COAL CITY – Coal City High School football players, coaches and administrators knew there would be a presentation Monday night of a $50,000 check from the Chicago Bears.
But they didn’t know former Bears linebacker and future National Football League Hall of Fame inductee Brian Urlacher would be there to answer their questions and present the donation. The money is helping to cover the noninsured repair costs the school was left with following the devastation of an EF3 tornado June 22.
“I didn’t know a player was coming,” Coal City High School football coach Lenny Onsen said.
As players finished practice at about 5:45 p.m. with some conditioning work, they were told to make a quick change, get a drink of water and head back to the field.
Onsen looked on as a tall man in a blue Bears polo shirt, khaki shorts and a white golf hat walked through the parking lot with just a few Bears media employees.
“Who is that?” Onsen said.
Seconds later, the players figured it out and tried to contain their emotion as Urlacher walked up the hill to the north end of their practice field. Before long, Urlacher was sharing stories about his high school days.
Players asked him questions about his high school days in New Mexico, where he was the only player to make it to college football on a scholarship.
He told the players to enjoy high school football, because after that football – and life – becomes more serious.
“I wish I could go back to high school,” Urlacher said to the team.
It wasn’t always serious for Urlacher, though. When asked about pranks he and his Bears teammates pulled on each other, Urlacher said for four years they played a game where they placed cardboard boxes unexpectedly on each other’s heads.
He shared stories about the Super Bowl XLI run in 2007, where the Bears lost to Peyton Manning and the Indianapolis Colts. He told them his favorite places to play, such as Soldier Field, Lambeau Field and the Georgia Dome.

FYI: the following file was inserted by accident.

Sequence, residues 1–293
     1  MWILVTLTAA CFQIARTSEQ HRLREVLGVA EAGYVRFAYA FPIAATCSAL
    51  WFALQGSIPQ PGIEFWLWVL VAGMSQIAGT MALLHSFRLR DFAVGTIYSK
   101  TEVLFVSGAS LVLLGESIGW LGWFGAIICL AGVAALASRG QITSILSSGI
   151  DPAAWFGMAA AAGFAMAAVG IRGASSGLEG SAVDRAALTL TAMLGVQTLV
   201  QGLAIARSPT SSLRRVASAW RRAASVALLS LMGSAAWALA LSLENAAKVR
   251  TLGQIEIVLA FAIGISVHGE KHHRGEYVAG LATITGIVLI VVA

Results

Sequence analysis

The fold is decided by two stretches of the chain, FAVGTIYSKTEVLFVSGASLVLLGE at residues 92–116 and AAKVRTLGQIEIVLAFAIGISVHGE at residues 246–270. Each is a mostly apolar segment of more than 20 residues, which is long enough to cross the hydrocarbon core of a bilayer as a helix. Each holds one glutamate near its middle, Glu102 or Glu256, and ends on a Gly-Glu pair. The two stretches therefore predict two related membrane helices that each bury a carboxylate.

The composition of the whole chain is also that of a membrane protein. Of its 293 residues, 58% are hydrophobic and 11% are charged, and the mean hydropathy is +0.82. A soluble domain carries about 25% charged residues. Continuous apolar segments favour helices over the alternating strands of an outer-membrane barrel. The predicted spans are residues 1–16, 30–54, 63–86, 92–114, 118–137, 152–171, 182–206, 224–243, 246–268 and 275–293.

When asked if he preferred to play with former Bears quarterback Rex Grossman or current Bears quarterback Jay Cutler, he caught everyone off guard.
“Kyle Orton was the best quarterback I played with,” Urlacher said.
But Urlacher wouldn’t have been there if it weren’t for the June tornado.
He said he lived in an area of New Mexico that was susceptible to tornadoes, so he knows how devastating they can be, and also the resiliency communities such as Coal City have shown.
Urlacher said visiting the high school caused him to reminisce a bit about his high school days.
“I’m glad the Bears chose me to do this,” Urlacher said. “They’re good kids. It seems like they had fun.”
Before he left, several players rushed to their lockers to grab their cellphones for a selfie with the Bears legend.
Coal City High School Athletic Director Dan Hutchings said he didn’t know who was coming on behalf of the Bears, but said it’s overwhelming to think they thought enough of Coal City, a small community about 62 miles away from Soldier Field.
Hutchings said the money is already being used to repair fencing on the soccer fields and eventually will help the baseball and softball fields. The school is expecting delivery of a new football scoreboard Wednesday.